A flex hose assembly containing aqueous coolant from the International Space Station (ISS) Internal Active Thermal Control System (IATCS) consisting of a 2 foot section of Teflon hose and quick disconnects (QDs) and a Special Performance Checkout Unit (SPCU) heat exchanger containing separate channels of IATCS coolant and iodinated water used to cool spacesuits and Extravehicular Mobility Units (EMUS) were returned for destructive analyses on Shuttle return to flight mission STS-114. The original aqueous IATCS coolant used in Node 1, the Laboratory Module, and the Airlock consisted of water, borate (pH buffer), phosphate (corrosion control), and silver sulfate (microbiological control) at a pH of 9.5 +/- 0.5. Chemical changes occurred after on-orbit implementation including a decrease to pH 8.4 due to the diffusion of carbon dioxide through the Teflon hoses, an increase in nickel ions due to general corrosion of heat exchanger braze coatings, a decrease in phosphate concentration due to precipitation of nickel phosphate, and the rapid disappearance of silver ions due to deposition on hardware surfaces. Also associated with the coolant chemistry changes was an increase in planktonic microorganisms from less than 100 colony forming units (CFU) per 100 ml to approximately 1 million CFU per 100 ml. Attachment and growth of microorganisms to the system surfaces (biofilm) was suspected due to the levels of planktonic microorganisms in the coolant. Biofilms can reduce coolant flow, reduce heat transfer, amplify degradation of system materials initiated by chemical corrosion, and enhance mineral scale formation.

  19. Turbulent thermal convection over rough surfaces (United States)

    Stringano, G.; Verzicco, R.; Pascazio, G.


    Convective heat transport has important applications in engineering and meteorology and a better understanding of heat transport phenomena would lead to improvements in technological applications such as cooling of thermal machines and micro-electronic components or cooling during a metallurgical fusion. It would also improve the prediction of geophysical motions in oceans and atmosphere. The use of rough surfaces is a way to enhance the heat flux. The interaction between the main shear flow and the rough surface creates secondary vortices that enhance the detachment of thermal plumes from the tip of the rough elements. In this work numerical simulations are conducted in a cylindrical cell heated from below and cooled from above in presence of rough surfaces. A comparison of Rayleigh versus Nusselt number scaling between rough surfaces and smooth ones shows enhanced heat fluxes. The flow is solved using a direct numerical simulation (DNS) of the three dimensional unsteady Navier Stokes equations with the Boussinesq approximation and an immersed boundary approach is used for the treatment of rough surfaces.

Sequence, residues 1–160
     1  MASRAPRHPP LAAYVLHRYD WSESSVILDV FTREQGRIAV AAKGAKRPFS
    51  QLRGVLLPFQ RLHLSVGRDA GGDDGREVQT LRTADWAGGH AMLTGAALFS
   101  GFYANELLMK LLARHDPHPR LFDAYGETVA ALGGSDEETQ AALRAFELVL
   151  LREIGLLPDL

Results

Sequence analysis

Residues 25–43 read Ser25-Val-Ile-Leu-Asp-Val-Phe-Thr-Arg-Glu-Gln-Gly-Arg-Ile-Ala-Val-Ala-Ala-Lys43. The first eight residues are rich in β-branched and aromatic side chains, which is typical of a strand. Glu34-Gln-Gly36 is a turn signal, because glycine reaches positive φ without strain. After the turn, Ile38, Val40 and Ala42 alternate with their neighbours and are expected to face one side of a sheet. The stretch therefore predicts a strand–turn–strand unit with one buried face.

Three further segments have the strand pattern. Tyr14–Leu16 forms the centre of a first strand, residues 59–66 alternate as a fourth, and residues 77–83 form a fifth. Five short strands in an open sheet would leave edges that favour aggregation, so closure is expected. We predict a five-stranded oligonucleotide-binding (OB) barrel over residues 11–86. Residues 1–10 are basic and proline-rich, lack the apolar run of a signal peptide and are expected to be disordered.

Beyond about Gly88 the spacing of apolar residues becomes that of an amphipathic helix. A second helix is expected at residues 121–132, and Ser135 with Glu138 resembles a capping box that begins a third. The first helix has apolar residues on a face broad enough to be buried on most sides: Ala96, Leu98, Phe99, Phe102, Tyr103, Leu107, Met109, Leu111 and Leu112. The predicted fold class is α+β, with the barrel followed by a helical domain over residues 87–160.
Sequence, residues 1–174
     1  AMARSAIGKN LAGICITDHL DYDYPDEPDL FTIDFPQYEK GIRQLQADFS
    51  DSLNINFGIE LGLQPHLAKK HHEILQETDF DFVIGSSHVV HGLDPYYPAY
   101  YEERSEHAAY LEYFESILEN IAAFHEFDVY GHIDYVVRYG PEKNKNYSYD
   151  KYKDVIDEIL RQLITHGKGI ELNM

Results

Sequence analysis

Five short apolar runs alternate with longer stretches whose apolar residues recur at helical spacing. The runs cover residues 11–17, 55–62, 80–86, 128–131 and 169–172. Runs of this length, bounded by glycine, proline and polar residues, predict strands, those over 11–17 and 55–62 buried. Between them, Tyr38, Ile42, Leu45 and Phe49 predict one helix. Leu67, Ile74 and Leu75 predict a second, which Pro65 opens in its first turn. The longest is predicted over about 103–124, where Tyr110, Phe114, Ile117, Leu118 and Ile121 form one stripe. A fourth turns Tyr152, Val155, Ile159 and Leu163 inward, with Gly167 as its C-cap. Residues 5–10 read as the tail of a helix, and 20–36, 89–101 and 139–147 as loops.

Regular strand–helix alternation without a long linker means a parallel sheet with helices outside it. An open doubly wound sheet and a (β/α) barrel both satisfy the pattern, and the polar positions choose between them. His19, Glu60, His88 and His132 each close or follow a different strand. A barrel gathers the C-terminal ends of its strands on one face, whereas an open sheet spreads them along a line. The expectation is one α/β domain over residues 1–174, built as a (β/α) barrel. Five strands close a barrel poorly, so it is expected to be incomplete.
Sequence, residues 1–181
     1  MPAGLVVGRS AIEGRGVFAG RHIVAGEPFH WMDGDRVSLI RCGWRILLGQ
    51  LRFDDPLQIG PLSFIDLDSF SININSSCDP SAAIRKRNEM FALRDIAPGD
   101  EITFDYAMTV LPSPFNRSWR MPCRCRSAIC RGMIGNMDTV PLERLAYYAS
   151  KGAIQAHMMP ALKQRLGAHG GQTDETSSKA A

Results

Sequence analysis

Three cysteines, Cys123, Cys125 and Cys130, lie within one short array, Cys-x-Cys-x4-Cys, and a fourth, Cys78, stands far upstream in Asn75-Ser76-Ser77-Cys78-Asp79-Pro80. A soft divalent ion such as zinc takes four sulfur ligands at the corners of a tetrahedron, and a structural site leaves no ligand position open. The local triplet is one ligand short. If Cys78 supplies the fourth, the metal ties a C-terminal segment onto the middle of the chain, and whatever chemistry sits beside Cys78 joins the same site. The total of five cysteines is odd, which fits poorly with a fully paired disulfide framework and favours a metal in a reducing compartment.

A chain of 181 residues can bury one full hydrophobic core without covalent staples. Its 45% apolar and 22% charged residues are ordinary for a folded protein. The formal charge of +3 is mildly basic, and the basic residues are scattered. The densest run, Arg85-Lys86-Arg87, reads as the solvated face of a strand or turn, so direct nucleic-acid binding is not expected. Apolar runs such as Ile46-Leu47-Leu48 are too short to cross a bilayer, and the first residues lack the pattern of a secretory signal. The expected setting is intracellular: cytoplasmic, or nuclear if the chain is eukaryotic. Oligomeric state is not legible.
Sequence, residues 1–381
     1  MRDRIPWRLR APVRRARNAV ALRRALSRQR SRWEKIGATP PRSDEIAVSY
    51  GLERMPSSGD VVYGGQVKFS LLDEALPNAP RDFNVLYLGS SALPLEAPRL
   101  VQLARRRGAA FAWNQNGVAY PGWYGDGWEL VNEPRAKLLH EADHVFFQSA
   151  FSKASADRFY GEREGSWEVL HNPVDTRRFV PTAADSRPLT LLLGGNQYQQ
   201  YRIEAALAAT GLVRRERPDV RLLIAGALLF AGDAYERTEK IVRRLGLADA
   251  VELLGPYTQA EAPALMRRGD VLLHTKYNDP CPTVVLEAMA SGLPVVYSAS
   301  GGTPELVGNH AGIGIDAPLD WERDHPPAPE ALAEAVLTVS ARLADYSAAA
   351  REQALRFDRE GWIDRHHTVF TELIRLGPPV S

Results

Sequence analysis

20. Spacecraft Thermal Control System Not Requiring Power Project (United States)

    National Aeronautics and Space Administration — The thermal management of spacecraft would be enhanced by dynamic control over surface emissivity in the mid-infrared. In this SBIR program, Triton Systems proposes...

  1. Thermal Control Working Group report (United States)

    Haslett, Robert; Mahefkey, E. Thomas


    The Thermal Control Working Group limited its evaluation to issues associated with Earth orbiting and planetary spacecraft with power levels up to 50 kW. It was concluded that the space station technology is a necessary precursor but does not meet S/C 2000 needs (life, high heat flux, long term cryogenics, and survivability). Additional basic and applied research are required (fluid/materials compatibility and two phase system modeling). Scaling, the key issue, must define accelerated life test criteria. The two phase systems require 0g to 1 g correlation. Additional ground test beds are required and combined space environment tests of materials.

  2. Thermal characterization of nanoporous 'black silicon' surfaces (United States)

    Nichols, Logan; Duan, Wenqi; Toor, Fatima


    In this work we characterize the thermal conductivity properties of nanoprous `black silicon' (bSi). We fabricate the nanoporous bSi using the metal assisted chemical etching (MACE) process utilizing silver (Ag) metal as the etch catalyst. The MACE process steps include (i) electroless deposition of Ag nanoparticles on the Si surface using silver nitrate (AgNO3) and hydrofluoric acid (HF), and (ii) a wet etch in a solution of HF and hydrogen peroxide (H2O2). The resulting porosity of bSi is dependent on the ratio of the concentration of HF to (HF + H2O2); the ratio is denoted as rho (ρ). We find that as etch time of bSi increases the thermal conductivity of Si increases as well. We also analyze the absorption of the bSi samples by measuring the transmission and reflection using IR spectroscopy. This study enables improved understanding of nanoporous bSi surfaces and how they affect the solar cell performance due to the porous structures' thermal properties.